For the dry rub you may not use all of it. You can save leftover rub and use it for future cooks assuming you did not touch the rub with hands that touched raw meat.

Nutrition

Calories: 851kcal | Carbohydrates: 22g | Protein: 67g | Fat: 49g | Saturated Fat: 17g | Polyunsaturated Fat: 3g | Monounsaturated Fat: 25g | Cholesterol: 196mg | Sodium: 7824mg | Potassium: 1677mg | Fiber: 5g | Sugar: 3g | Vitamin A: 342IU | Vitamin C: 4mg | Calcium: 222mg | Iron: 13mg

Nutrition information is automatically calculated, so should only be used as an approximation.

Additional Info

Prep Time: 15 minutes
Cook Time: 4 hours
Course: dinner
Cuisine: barbecue, bbq, beef
Servings: 4 servings
Calories: 851
Keyword: beef short ribs recipe, short ribs wine braise, Smoked beef short ribs
Like this recipe? Leave a comment below!

This post was first published in June of 2017, and updated in June of 2020 with additional process photos and recipe specifics in terms of time on the smoker.


*This post contains affiliate links for Snake River Farms and the ThermoWorks Mk4 Digital Thermometer. We only recommend products we use and love! And all of the products mentioned above are those we use regularly.


If you like this recipe we’d truly appreciate it if you would give this recipe a star review! And if you share any of your pics on Instagram use the hashtag #vindulge. We LOVE to see it when you cook our recipes. 

Smoked Beef Short Ribs with Red Wine Braise over a bed of polenta
Smoked Beef Short Ribs Pinterest image

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About Mary


I'm Mary, a wine/food/travel writer, Certified Sommelier, mom of twins, former vegetarian turned BBQ fanatic, runner, founder of Vindulge, and author of Fire + Wine cookbook. Thanks for stopping by!

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65 Comments

    1. You can use any dry red wine you like. I suggest Cabernet Sauvignon, Merlot, Malbec, or something along those lines (fruity but dry).

    1. Yes, absolutely. I would reduce the liquid in half and consider adding a thickening agent like a slurry (part flour and beef stock).

  1. 5 stars
    I usually don’t post comments on websites, but this one deserves a comment. I followed the directions exactly. Seasoned with salt and pepper only. Smoker set to 225, 2 hours on, then 2 hours with the mop sauce every 30 to 45 minutes, then 2 hours in the pan sealed to braise. They were done perfectly. These things were AMAZING. I wish I could post pictures for you. They look very close to yours. Well written recipe…you made it easy to follow. Thanks so much for sharing!!!

    1. Chris, thank you so much for taking time to make a comment! We love it and appreciate the feedback, something tells me you may make these again!!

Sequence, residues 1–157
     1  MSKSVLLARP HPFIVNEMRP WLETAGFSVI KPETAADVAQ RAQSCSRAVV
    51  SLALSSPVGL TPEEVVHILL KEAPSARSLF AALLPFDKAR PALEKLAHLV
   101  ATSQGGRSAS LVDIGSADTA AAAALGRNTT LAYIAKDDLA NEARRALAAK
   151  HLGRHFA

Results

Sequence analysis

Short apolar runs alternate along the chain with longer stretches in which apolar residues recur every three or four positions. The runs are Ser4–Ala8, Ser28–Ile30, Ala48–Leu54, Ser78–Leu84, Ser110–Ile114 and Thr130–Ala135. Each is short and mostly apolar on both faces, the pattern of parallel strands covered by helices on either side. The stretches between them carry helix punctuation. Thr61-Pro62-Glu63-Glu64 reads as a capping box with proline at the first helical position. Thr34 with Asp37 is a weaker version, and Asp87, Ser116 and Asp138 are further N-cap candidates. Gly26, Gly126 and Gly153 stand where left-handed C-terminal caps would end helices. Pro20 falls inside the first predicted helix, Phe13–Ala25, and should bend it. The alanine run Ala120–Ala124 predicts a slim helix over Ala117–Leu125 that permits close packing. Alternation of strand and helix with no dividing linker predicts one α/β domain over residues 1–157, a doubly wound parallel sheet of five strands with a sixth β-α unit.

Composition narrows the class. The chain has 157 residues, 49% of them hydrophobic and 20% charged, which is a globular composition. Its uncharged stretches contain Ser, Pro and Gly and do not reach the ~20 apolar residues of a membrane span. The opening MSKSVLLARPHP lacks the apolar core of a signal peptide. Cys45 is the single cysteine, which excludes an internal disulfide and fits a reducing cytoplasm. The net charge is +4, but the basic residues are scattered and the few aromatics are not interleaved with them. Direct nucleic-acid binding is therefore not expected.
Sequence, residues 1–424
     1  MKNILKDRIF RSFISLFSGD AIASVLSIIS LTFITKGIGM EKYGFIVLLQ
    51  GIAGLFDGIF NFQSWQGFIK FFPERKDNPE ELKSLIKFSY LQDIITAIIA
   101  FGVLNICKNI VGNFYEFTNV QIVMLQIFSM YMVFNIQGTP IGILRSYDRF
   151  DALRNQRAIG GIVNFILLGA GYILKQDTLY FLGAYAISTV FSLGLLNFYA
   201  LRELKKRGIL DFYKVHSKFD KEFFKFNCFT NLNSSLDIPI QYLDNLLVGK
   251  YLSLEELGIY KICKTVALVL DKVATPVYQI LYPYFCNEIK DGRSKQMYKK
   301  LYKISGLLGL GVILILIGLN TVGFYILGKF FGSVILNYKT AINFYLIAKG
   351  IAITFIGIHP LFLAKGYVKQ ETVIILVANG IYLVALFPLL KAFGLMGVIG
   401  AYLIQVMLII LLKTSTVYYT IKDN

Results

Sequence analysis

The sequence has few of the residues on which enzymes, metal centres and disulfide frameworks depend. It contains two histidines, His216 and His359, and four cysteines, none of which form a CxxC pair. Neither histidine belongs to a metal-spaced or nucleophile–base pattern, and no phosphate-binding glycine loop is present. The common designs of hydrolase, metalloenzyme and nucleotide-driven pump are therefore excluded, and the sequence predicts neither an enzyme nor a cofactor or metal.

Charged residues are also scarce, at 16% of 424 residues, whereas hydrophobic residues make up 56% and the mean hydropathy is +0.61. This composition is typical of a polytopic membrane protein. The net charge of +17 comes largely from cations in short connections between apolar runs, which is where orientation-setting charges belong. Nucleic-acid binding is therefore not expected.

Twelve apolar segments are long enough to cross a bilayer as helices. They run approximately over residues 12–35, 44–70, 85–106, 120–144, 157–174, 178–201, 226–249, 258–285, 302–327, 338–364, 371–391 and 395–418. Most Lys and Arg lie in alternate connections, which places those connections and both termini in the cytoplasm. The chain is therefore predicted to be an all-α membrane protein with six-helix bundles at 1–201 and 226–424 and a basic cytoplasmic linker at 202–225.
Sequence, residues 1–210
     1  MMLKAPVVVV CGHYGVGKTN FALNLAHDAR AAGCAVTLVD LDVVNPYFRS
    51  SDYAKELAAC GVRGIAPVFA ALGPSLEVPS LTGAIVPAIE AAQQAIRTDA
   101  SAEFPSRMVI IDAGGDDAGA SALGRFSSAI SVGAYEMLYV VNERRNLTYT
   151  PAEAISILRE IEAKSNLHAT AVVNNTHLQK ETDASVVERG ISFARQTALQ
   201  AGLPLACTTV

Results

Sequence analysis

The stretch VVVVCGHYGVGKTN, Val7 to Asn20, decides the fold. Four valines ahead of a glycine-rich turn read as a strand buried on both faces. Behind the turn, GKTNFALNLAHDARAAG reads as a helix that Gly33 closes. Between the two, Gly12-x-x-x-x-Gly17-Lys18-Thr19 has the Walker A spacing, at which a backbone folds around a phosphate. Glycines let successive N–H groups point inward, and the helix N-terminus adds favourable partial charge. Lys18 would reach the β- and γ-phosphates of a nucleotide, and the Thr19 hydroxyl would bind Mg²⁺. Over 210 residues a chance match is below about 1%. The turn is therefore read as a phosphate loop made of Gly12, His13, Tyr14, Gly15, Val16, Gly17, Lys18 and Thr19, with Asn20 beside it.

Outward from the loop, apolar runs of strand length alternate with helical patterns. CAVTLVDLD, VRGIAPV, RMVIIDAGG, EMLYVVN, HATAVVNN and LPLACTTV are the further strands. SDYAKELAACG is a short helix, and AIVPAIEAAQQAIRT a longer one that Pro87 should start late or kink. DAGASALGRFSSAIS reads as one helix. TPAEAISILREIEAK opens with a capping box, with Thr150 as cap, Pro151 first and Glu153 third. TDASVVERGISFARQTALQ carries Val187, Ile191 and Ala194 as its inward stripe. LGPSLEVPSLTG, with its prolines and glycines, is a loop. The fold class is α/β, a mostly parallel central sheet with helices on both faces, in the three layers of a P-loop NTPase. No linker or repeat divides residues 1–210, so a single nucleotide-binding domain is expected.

2. I have looked everywhere and cannot find the video you say accompanies this recipe? Where is it.

    1. Michael, perhaps you have an ad blocker on? The video should be embedded into the bottom of the post, if you still can’t see it let us know and we can find another way to get it to you.

  3. This has become one of my staples. I’ve made it several times for the last 2 years and it is absolutely my favorite. My only problem is the amount of time it takes to finish. It really takes about 9 hours. The recipe seems to suggest 6-7. This has caused some frustration.

    1. Dave first, thanks so much for the feedback, and thanks for your experience regarding the time. We can update the post to reflect a number of factors including the type of meat you may be using (Select, Choice, Prime, Wagyo, Pasture raised) will absolutely impact timing and adjust as needed.

  4. 3 stars
    Made this last week and found there to be way too much salt and pepper. Love the method, but think I’ll change to a different seasoning (I make my own rubs).

    1. Thanks for the feedback, we definitely like savory around here and the type of salt, even the type of kosher salt variations will change the flavor. Best part is next time you’ll be able to add your own rub!

  5. Planning to make this over the weekend but the weather may not be cooperative. Have you ever tried smoking the ribs ahead of time and then braising later?

    1. Laurie, we have not smoked in advance but the fat content should make that work just fine. In fact when we eat leftovers (yes we have them on occasion) it still tastes just as good. Let us know how it turns out and we can update the blog!

      1. Making for company and decided to brave the rain and make the recipe as written. Thank you so much for the quick reply though!

    1. That’s definitely a taste preference. We find we get plenty of natural smoke flavor from the cooking process. But if you want more you can always add that. We just don’t enjoy the flavor of liquid smoke, so we try to attain that flavor from the smoking process. 🙂